G'day DanTzn I modified the rules so what you see at the top of the page is the rules, you havn't missed anything the class was started on this forum and is still going please keep us up to date with your progress regards Jeff
Guys, while I'm on the topic - whats the consensus on rigs?
I was thinking of a two piece round section carbon mast with a pocket luff sail. Simple, light, pretty cheap and easily transportable. But that was until read the rules more closely and worked out that the sail had to be able to be lowered at sea. I couldn't figure out a way of getting the spreaders and stays onto the mast and being able to lower the sail.
I see that Vudu looks to have a pocket sail and spreaders & stays, so there must be a way.
I was thinking the simplicity of the rig would outweigh any performance gained from a wing section mast - and mean one less control line (mast rotation).
DanTnz visit Gato's website www.gust.ax to see the carbon masts we are doing for the DS12s. The drawings for the DS have the spanner tieing off to the tramp. The idea is to set it on the beach and then go sailing. This gives more adjustablity than the H16 style stops on the mast step but still simplifies sailing for kids. I suspect that as kids get a little older and more experianced the means to adjust will be added.
Re: Any Info?
#227139 01/20/1103:36 PM01/20/1103:36 PM
Guys, thanks for the info. My aim is to be able to car top, mainly because I have to take a ferry to get on and off the Island, so trailer or overhangs = more dollars.
In theory, could such a mast be made two piece? My ideal would be a slightly shorter version of the Weta mast.
Has anyone put any thought into an unstayed mast? I would have thought previously that it wouldn't be stiff enough for the righting moment of a cat - or to trap off. But the Devoti One is carrying 11m2 and a 15m2 kite with no stays and designed for heavyweight crews, so it could be a possibility. It would be great just to able to drop the mast in and go.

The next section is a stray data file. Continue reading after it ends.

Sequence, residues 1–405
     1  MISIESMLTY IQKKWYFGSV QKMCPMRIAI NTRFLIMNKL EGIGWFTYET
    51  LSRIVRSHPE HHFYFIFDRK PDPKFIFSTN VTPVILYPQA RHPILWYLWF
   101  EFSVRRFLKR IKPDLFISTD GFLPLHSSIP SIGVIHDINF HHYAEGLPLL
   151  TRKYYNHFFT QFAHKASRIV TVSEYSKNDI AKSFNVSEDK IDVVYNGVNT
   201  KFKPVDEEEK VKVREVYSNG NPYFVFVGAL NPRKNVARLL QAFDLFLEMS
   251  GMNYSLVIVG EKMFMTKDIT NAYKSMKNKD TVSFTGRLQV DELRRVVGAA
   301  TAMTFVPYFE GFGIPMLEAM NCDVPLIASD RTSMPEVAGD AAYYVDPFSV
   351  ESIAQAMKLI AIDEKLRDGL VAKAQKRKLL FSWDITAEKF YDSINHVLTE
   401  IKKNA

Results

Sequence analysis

I started to make a mast in two pieces, but I did not complete it, I could still do it, I don't think there is a problem doing it. It will be a little heavier thats all. There has been talk about an unstayed mast, but so far not interest enough to do one.
Thanks, just found the earlier thread that included what I wanted to know om Wouter's proposal.
I'll have to put some more thought into that - hadn't factored in the effect a trapeze could have on sail shape on an unstayed mast.
I was told that the trapeze lines would be attached to tape reinforcements sewn to the sail sleeve. Use of the trapeze bends the mast to windward and back and this must be considered when making the sail.
I'm really attracted to a freestanding rig, I can't think of an elegant solution for the mast base. Wouter's solution would work fine but I think it would get in the way while sailing. Will have to get the calculator out for some other solutions. Countering the fore and aft loads seems to me to be the biggest problem.
I thought of a hollow drop in tube down thru the beam onto a dolphin striker. I ruled it out as I was trying to avoid having a dolphin striker at all. I also thought it would have to be really big to take the fore and aft loads without any additional fore and aft bracing - then the solution is to have a kind of diagonal dolphin striker. But then the design is getting more and complex and the idea of the freestanding mast was simplicity.
So now I am back to square one in my reasoning - a conventional stayed rig might be simpler all round. It may be better to think of rapid rigging systems.
I guess elegance is in the eye of the beholder. When us engineers get it right though with the balance of function and form, the general public tend to appreciate it, especially sailors.
The freestanding rig is going on the back burner for now unless I or someone else has some sort of brainwave. I suspect a standard rig with synthetic stays and trap wire would be almost as practical - shame to lose the ability to weathervane the rig though, confidence building for youngsters to be able to completely de-power the boat.
I found this boat while surfing around the internet. It is rotomolded and looks very similar to f12, except for having more metal than a Honda Civic, lol. You'll see what I mean when you see it. Has very similar sail plan and there may be bits and pieces that translate to f12 boats. Available in France and UK. Built in France where catamaran building is govmnt subsidized to create exports.